In the present tutorial, we shall explain what are the Support Vector Machines (SVMs) and how the kernel-based SVM classifiers are working.

SVMs are an important class of Machine learning algorithms and they have been used in a successful amount of projects for RADAR objects automatic recognition. In what follows we seek to introduce the main basis for the reader.

Support Vector Machines operates as classifiers using several properties of linear algebra. They can separate a dataset into higher-dimensional spaces using kernel methods.

They require some understanding of basic functional analysis and linear algebra and so their theoretical background have not always made them the choice for concrete classificator implementations. This said, they often achieve similar or even better results than the equivalent neural networks classifiers or the probability-based classifiers.

# Some Quick Facts About SVMs

SVMs are a special class of Machine learning models named “nonparametric” models. “Nonparametric” means that the parameters only (and directly) depend on the training set.

The only information given to a SVM in a supervised training is to learn from a set of couples `(x^i,C^i)` where `x^i` is a n-dimensional vector and `C^i` is a class label, among k possible classes labels.

SVMs will seek to build decision functions to classify the data. For this, they will only rely on a special set of data , from the training set, namely the support vectors. This means that an important amount of the training data won’t be used at all.

SVMs belong to a family of generalized linear classifiers and they can be seen as an extension of the perceptron.

# Some Linear Background

SVMs are using decision functions to separate several sets of data.

In the simplest case, linear binary classification, we consider a set which must be separated into two subsets `B` and `C`.

The set `A` is here a set of vectors `x=(x_1,...,x_n)` in a n-dimensional space.

The separation is done via a function such that `g(x)>0` for all x such that `x in B` and `g(x)<0` for all x such that `x in C`. The subspace `H` defined by `{x,g(x)=0}` is the border between the two sets.

Finding a function `g` is of course always possible since it is enough to define it over the sets `B` and `C`.Of course we look for special, generic, type of functions.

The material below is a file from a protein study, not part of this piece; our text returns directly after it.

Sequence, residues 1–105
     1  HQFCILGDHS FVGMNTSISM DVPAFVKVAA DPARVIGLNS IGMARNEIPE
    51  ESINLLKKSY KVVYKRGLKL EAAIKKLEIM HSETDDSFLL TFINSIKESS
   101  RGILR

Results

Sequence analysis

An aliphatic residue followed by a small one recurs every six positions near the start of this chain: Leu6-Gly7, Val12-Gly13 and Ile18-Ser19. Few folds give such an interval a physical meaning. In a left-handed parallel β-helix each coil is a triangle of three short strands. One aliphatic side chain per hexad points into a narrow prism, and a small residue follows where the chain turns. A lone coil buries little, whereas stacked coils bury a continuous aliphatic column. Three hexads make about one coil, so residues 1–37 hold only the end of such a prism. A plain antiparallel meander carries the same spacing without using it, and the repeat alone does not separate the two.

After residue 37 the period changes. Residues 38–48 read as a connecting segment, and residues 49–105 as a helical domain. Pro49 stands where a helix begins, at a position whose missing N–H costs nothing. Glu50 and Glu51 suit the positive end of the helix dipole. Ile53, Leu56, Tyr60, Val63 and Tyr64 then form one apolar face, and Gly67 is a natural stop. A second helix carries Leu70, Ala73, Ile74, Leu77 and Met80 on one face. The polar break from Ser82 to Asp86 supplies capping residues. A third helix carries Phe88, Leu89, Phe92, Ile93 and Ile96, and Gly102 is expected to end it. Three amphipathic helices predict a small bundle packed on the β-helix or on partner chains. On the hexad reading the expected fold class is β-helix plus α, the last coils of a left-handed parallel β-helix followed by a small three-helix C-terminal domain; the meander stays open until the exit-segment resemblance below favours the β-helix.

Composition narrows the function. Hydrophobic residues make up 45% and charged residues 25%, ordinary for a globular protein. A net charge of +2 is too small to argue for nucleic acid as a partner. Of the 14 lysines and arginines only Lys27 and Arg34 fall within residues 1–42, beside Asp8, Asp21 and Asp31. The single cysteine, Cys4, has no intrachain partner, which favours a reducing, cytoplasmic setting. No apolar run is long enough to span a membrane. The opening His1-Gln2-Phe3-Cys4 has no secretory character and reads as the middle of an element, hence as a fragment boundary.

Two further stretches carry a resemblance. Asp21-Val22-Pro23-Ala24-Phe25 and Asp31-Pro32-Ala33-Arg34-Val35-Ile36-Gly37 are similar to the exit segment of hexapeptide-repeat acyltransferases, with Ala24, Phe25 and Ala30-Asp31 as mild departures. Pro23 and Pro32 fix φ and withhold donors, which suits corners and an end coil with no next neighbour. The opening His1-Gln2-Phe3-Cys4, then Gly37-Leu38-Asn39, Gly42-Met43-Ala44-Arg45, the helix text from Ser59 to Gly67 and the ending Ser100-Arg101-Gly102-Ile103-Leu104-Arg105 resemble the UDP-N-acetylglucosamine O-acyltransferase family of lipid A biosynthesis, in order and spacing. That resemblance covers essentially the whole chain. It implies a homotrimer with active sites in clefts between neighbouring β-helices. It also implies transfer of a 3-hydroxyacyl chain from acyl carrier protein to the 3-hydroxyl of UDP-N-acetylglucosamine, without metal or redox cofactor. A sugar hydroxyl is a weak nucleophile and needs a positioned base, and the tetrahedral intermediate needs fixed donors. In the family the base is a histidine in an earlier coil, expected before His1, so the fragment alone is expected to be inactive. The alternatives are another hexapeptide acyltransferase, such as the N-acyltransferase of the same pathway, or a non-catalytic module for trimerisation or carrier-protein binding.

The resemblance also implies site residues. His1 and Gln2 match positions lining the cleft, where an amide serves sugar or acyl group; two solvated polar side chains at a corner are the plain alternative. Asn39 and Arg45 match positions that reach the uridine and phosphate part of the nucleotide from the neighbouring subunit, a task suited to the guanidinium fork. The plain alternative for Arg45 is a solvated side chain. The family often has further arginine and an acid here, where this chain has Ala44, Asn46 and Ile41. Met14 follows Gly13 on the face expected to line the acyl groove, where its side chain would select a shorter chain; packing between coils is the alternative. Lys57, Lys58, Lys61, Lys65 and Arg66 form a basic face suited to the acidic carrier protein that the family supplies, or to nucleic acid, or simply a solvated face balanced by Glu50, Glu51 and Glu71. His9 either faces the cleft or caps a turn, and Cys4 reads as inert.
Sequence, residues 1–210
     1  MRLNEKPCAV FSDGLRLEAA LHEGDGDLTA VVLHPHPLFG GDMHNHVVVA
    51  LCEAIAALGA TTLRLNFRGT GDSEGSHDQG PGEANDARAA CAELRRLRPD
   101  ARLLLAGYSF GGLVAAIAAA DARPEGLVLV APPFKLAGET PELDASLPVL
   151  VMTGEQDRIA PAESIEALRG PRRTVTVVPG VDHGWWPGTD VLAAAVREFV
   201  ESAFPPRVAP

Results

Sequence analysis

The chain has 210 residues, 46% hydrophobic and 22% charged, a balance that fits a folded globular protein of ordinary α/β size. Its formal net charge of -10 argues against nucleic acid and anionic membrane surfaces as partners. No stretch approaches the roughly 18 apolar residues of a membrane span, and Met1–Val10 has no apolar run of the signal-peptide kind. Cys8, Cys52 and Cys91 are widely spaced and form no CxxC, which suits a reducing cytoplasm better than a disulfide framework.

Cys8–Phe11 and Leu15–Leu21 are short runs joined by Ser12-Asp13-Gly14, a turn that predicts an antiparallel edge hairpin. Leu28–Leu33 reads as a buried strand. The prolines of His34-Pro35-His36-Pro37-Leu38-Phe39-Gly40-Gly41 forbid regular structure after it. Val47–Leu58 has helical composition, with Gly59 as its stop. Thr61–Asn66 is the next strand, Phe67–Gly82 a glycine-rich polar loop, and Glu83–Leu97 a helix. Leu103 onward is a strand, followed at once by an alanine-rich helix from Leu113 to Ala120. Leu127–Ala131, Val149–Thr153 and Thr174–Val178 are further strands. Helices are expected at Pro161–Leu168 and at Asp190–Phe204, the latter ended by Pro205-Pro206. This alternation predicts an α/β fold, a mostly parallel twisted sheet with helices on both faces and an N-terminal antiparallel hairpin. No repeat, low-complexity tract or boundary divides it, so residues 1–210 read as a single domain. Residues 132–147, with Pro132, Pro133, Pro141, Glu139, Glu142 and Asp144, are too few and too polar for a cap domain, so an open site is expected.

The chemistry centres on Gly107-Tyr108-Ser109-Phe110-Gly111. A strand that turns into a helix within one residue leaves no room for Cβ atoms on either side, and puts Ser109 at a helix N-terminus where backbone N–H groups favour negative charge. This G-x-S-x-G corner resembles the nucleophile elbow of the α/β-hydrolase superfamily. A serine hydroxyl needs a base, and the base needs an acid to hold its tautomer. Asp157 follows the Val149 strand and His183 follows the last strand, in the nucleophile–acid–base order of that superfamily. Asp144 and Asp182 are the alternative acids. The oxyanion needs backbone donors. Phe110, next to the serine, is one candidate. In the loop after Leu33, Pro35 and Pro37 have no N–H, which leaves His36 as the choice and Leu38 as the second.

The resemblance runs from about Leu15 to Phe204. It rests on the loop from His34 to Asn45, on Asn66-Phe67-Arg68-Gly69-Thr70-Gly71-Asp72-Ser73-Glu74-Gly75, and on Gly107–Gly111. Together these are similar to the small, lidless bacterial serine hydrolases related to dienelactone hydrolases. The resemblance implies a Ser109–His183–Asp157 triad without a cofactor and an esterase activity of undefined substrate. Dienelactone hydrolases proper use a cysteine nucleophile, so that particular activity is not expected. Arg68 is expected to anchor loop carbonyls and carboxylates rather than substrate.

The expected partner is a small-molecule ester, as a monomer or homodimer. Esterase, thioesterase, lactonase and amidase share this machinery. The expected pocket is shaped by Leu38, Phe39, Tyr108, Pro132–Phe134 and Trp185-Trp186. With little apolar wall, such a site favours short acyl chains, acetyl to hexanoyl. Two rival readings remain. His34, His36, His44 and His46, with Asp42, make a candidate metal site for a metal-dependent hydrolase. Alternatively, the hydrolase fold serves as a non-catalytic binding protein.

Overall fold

The most simple function is a linear function:

`g(x)=w^_|_x+b` where `w` is a constant vector and b a numerical bias. This can also be written:

`g(x)= sum_(i=n)^(i=1)w_ix_i+b`

It is not always possible to find such a function . If it is possible and are said to be linearly separable.

From this it is possible to achieve multi-class seperation. There are several ways to define multi-class separation, it can be achieved by ‘all-in’one’, binary tree or pairwise separation, for instance.

For example, it is possible to consider that, in the case of `N` classes `A_1, ..., A_N`, we define `N` separation functions `g_1, ..., g_N` and we claim that x belongs to an `A_i` if `g_i(x)>0` and `g_i(x)<0,j!=i`.

Geometrically speaking, this can be easily visualized as the building of geographical areas from hyperplanes. In the example above, we seperated 3 areas `A_1, A_2, A_3` by using 2 functions `g_1, g_2` such that the signs of both `g_1(x)` and `g_2(x)` decide if x belongs to `A_1`, `A_2` or `A_3` .

# Hard Margin concept

The hard Margin M is defined for two linearly separable sets B and C.

If we can find a linear function such that `g(x)=w^_|_x+b` and:

`g(x)<=-1<=>x in B`

`g(x)>=+1<=>x in B`

The distance between the two hyperplanes is 2d with `d=1/abs(w)`, this is the (hard) margin.

If we label the N vectors of `B bigcup C` by `(x^j,y^j)` and `y^j=+1<=>x^j in C`, `y^j=-1<=>x^j in B` then we seek to find a hyperplane defined by `w` such that the following optimization problem is solved:

`MAX_w1/abs(w),y^j(w_|_x^j+b)>=1,j=1...N`